Spread the love

– By Cliff Keller —

Just before dawn some mornings during the days leading up to Yom HaZikaron, Israel’s Memorial Day, the highest hill in the Jerusalem neighborhood of Ir Ganim has been visited by handfuls of Orthodox Jews who faced the Old City and prayed. Though the ancient mound they climbed lies a third of a mile from my home (which lies atop another high hill in neighboring Giv’at Massuah), I could still clearly see them through my office window.

The presence of Jews and religious ceremony are not at all new to the hilltop site. At an elevation of over 2,600 feet above sea level, Rogem Ganim, as the high grassy mound is known to Israeli archaeologists, is believed to have been so engaged since the latter days of the Kingdom of Judah and the following Persian, Roman and Islamic Periods.*

Yet something is different in The Land this spring from all other springs that preceded it; what The Jerusalem Post’s Maayan Jaffe-Hoffman described as “the shadow of the coronavirus…”

“Police have increased activity across Israel, including on highways and intercity roads, in an effort to minimize travel by the public as it prepares to celebrate Independence Day… So far, Police said they set up 40 checkpoints and that they will be stopping and checking drivers to ensure they are traveling only for reasons defined by the guidelines of the Health Ministry. Similar to how Israelis celebrated the Passover holiday, on Independence Day, people are being asked to stay in their homes.”

All bus service in Jerusalem will cease today at 5:00 pm (April 28, Yom HaZikaron, Memorial Day). There will be no bus service or other public transportation available tomorrow, on Independence Day (Yom Ha’atsmaut), when Israelis normally gather in droves at parks or family venues to celebrate their independence with flag-waving, horn honking, loud music and something they call barbecue, though most Texans might not recognize the process as it’s rendered here.

An Israeli bus driver stands respectfully beside his bus during the sounding of the Yom HaZikaron commemorative sirens in Jerusalem.

As always, sirens wailed at 11:00 am for two minutes this morning in honor of Israel’s 24,816 fallen servicemen.  Because of coronavirus restrictions, the annual state commemorative at Har Herzl military cemetery in Jerusalem was a short one, held without an audience. IDF, Shin Bet, Mossad and other officials were in attendance, “all wearing face masks and adhering to social distancing,” according to The Post.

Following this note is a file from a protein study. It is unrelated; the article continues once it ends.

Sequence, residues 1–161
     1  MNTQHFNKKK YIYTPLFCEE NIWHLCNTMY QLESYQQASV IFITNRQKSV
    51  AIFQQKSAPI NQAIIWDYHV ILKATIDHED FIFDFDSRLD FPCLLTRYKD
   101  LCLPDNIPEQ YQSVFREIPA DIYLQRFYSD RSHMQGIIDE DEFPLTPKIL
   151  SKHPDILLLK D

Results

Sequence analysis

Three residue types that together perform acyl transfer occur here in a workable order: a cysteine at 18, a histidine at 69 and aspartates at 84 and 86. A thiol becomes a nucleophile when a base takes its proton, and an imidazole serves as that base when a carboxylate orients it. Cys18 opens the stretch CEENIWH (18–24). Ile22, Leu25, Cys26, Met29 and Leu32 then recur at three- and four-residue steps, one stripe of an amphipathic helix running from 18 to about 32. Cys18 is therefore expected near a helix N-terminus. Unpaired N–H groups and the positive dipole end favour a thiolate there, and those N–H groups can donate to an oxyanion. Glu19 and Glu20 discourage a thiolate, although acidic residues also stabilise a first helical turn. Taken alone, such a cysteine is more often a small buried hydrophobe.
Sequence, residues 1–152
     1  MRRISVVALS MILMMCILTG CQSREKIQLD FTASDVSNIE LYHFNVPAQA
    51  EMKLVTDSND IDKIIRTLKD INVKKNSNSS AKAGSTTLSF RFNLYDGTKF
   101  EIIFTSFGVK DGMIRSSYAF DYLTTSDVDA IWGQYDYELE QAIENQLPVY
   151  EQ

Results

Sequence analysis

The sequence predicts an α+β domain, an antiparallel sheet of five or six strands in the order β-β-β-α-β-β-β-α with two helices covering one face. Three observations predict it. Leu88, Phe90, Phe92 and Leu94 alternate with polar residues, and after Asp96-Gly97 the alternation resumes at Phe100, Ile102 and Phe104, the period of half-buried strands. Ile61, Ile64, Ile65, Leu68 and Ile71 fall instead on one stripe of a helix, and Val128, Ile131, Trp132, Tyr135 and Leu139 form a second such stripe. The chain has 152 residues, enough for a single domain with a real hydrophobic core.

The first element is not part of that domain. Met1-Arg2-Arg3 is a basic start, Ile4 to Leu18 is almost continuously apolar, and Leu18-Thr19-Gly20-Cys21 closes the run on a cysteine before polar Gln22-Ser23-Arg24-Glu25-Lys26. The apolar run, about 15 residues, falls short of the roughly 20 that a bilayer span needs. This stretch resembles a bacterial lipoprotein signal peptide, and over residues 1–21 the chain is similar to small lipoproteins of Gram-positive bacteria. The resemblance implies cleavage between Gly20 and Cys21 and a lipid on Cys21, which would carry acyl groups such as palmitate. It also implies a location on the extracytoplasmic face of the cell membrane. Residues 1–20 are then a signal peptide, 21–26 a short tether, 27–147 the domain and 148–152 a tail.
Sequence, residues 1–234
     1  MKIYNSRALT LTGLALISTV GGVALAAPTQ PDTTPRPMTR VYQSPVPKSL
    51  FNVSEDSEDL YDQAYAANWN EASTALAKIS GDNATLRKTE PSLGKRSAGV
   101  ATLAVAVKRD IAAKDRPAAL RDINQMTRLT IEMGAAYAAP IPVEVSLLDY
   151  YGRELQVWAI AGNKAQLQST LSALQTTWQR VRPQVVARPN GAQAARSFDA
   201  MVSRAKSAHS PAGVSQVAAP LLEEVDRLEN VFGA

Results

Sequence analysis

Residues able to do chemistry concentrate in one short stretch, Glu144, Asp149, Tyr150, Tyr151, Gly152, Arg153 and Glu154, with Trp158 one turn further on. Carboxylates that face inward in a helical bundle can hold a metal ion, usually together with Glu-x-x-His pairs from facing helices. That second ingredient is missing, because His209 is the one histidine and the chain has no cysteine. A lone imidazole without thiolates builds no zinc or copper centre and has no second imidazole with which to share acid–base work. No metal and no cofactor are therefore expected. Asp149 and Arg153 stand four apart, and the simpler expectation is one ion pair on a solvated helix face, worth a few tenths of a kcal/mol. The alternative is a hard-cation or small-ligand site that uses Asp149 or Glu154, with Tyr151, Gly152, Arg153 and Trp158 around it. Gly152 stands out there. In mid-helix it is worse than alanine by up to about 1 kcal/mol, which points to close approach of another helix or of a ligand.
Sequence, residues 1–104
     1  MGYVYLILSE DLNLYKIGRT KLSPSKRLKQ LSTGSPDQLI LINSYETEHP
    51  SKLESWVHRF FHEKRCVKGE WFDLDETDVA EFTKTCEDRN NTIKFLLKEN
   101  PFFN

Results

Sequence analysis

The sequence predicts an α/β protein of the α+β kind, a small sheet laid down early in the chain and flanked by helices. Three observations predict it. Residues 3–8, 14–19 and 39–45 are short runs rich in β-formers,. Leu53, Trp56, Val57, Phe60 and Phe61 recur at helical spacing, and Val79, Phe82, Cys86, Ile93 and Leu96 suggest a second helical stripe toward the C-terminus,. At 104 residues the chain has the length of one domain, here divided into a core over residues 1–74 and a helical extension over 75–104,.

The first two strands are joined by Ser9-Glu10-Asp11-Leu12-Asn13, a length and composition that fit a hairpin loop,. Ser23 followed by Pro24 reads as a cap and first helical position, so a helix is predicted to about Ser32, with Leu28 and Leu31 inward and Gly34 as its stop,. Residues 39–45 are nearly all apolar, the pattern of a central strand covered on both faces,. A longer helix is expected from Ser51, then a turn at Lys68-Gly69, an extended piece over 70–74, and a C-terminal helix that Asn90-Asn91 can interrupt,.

Prime Minister Benjamin Netanyahu did not attend the ceremony but he did speak from his office. During the past 12 months, Netanyahu said, Israelis suffered the fewest casualties since the state was founded. “[The IDF is] enduring testimony to the Jewish people’s decision to take its fate and its defense into our own hands after thousands of years of feeling helpless,” Netanyahu said, adding that the state will “never stop working to bring home missing soldiers and civilians held captive by Israel’s enemies.”

Israeli girls wear masks, almost, on the morning of Yom HaZikaron.

Most of Israel’s recent news regarding the coronavirus has been upbeat and positive. New reported cases are now lower than they have been in thirty days and the government has begun to slowly expand the economy. Most Israelis are wearing masks and observing social distancing when in public.

Marcia and I have remained at home, of course, and we plan to do the same tomorrow. But judging from the increased pedestrian and automotive traffic we’ve seen in our little neighborhood during the last few days and especially today, and given the enticements provided by our recent, glorious spring weather, the authorities may have their hands full tomorrow when Israelis normally hit the parks to celebrate, given the average Sabra’s well-known tendency to choose his or her own path.

*For more information on the fascinating history of Rogem Ganim, please also see There Goes the Neighborhood.)